Since Mark has taken over Thursday Morning Jazz, he's had the opportunity to interview some of Connecticut's jazz community as well as nationally and internationally known jazz figures such as Doc Severinsen, Cleo Laine, John Dankworth, Maynard Ferguson, Slide Hampton and Louie Bellson. Louie says that Mark conducted "one of the best interviews I ever did." In his "Artist on the Hour" series, Mark selects an artist to feature at 9:00, 10:00, 11:00 and just prior to noon. You'll hear the artist's biography, music, and frequently an interview with him or her. What radio stations do you know that will devote this amount of time to expose such wonderful jazz talents?
    A 1981 graduate of The Connecticut School of Broadcasting, Mark enjoys being a part of WWUH's unique programming. With jazz radio having fallen on hard times in many parts of the US, WWUH offers Connecticut (as well as the whole world) a tremendous outlet for both jazz musicians and listeners!

Friday Morning Jazz with Terry Weichand: Billie Holiday begins every show, as it is an ongoing request from many listeners to hear her voice, tempered by melancholy, so sweet and lilting.
  Then there are Big Bands, swing and straight-ahead styles that get air time. New recordings are interspersed, but I look for standards interpreted by contemporary musicians, or reissues of old favorites. TGI Fri Mo Jo follows the Duke's adage--"It don't mean a thing if it ain't got that swing!"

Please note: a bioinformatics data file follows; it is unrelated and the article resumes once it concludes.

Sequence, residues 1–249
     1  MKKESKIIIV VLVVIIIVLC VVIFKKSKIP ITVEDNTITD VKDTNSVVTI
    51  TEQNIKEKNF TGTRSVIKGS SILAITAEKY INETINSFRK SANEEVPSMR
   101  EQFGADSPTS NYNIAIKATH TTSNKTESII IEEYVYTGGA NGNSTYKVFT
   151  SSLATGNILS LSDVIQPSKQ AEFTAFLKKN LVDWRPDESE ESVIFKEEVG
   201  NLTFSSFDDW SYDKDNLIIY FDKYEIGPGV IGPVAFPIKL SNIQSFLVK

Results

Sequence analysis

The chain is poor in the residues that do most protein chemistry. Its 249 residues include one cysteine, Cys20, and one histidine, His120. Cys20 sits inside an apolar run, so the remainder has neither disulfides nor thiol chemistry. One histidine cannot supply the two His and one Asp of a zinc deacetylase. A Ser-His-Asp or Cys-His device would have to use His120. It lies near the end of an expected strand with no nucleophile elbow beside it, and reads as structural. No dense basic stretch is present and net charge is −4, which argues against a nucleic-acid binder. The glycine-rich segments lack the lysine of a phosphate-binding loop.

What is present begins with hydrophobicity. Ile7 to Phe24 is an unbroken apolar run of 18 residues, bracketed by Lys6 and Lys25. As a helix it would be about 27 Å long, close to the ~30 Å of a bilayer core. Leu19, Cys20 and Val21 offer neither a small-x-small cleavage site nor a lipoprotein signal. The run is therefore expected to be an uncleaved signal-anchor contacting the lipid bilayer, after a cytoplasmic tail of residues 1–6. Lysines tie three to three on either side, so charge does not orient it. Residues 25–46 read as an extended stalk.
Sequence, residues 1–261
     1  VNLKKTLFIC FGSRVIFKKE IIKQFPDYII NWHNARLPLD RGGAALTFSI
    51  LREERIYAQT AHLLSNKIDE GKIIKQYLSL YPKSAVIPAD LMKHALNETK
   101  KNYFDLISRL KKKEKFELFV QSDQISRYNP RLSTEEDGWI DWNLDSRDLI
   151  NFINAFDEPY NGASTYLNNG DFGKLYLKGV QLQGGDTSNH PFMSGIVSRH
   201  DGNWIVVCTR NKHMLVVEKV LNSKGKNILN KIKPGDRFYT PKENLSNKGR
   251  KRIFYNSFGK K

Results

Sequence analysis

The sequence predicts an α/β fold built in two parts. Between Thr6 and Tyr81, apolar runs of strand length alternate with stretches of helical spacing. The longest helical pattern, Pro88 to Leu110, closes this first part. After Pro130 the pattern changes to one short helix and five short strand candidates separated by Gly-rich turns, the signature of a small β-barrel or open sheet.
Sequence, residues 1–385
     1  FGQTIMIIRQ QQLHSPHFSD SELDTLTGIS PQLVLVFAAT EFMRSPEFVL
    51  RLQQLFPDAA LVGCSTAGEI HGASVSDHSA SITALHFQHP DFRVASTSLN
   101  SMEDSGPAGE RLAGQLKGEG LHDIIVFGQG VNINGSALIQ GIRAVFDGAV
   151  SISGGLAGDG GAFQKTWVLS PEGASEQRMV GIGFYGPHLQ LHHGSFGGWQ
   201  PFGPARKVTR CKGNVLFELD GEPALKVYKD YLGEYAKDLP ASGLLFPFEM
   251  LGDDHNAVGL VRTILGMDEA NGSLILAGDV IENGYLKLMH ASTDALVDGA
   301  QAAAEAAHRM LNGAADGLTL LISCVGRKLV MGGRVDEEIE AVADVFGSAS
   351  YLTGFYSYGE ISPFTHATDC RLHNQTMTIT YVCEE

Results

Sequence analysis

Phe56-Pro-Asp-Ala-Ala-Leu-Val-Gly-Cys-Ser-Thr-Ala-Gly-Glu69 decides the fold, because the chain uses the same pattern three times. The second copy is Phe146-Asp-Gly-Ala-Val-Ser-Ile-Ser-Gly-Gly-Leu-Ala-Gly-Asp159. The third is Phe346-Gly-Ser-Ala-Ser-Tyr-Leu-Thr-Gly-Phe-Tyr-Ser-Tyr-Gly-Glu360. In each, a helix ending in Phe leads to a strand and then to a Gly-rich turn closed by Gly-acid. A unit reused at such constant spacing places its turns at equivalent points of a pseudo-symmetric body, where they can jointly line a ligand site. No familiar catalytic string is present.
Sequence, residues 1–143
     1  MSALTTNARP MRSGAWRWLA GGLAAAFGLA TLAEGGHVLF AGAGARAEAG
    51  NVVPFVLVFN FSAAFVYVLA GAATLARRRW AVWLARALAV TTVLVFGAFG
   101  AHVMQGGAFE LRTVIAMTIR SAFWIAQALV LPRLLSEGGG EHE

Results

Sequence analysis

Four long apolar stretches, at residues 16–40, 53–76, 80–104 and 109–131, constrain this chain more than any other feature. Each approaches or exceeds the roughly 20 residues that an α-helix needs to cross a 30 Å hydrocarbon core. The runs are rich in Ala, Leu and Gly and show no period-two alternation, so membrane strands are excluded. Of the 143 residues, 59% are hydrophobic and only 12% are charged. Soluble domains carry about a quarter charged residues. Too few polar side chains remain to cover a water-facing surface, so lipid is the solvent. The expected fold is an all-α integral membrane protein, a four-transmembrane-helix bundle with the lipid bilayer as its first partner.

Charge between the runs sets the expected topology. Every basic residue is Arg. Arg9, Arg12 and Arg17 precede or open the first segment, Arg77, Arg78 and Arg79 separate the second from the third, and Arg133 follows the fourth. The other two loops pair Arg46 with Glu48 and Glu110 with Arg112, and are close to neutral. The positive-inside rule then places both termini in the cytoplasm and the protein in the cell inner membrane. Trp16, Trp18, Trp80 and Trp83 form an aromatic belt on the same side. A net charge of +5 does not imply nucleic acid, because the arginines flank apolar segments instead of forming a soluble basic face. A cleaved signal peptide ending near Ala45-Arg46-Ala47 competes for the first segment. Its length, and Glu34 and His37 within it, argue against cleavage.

Accent on Jazz 9pm - Midnight, Tuesday through Friday,
plus Jazz on Monday Gothic’s – Midnight to 3am

Tuesday Accent on Jazz: Host Jazzy Jayne has one constant each week, the show opens with the familiar Richard Rodgers and Lorenz Hart tune, My Romance. A standard that has had its arrangement musically embraced and individualized extensively over the years. That one endearing selection is likewise the catchphrase of my own approving and playfully affectionate romance with jazz.
            My show is lovingly dedicated to two jazz legends: vocalist Joe Williams and bassist Keter Betts. I am twice blessed to have made their acquaintance.

Wednesday Accent on Jazz: Greetings. My name is Maurice D. Robertson and I've been a jazz music announcer with WWUH since October 1976. My format is all-inclusive, i.e. straight-ahead, Afro-Cuban, avant-garde and hip hop. I try to connect the various time periods and innovations in improvisation. I present interviews and birthday specials to spice up the mix, and will take sensitive music requests. Peace...